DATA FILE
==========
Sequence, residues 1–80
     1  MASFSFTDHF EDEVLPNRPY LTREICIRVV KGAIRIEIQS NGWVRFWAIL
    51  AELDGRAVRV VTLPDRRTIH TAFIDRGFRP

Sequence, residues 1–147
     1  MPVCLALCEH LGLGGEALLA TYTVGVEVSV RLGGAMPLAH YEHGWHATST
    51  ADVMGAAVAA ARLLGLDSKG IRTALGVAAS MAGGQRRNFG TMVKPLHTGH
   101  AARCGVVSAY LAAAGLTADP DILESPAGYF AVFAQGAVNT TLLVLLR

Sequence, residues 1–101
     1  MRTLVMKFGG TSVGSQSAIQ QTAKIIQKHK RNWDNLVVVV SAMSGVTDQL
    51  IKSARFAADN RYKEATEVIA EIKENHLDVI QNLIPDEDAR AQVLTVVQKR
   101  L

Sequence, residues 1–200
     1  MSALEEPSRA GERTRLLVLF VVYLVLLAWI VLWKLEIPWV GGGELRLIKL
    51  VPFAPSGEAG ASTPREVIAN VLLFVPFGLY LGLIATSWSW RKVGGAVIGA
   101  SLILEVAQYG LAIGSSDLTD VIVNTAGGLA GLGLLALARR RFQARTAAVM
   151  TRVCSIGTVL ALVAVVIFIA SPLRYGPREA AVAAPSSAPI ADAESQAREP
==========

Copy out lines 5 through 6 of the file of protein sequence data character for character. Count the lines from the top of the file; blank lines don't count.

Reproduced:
     1  MPVCLALCEH LGLGGEALLA TYTVGVEVSV RLGGAMPLAH YEHGWHATST
    51  ADVMGAAVAA ARLLGLDSKG IRTALGVAAS MAGGQRRNFG TMVKPLHTGH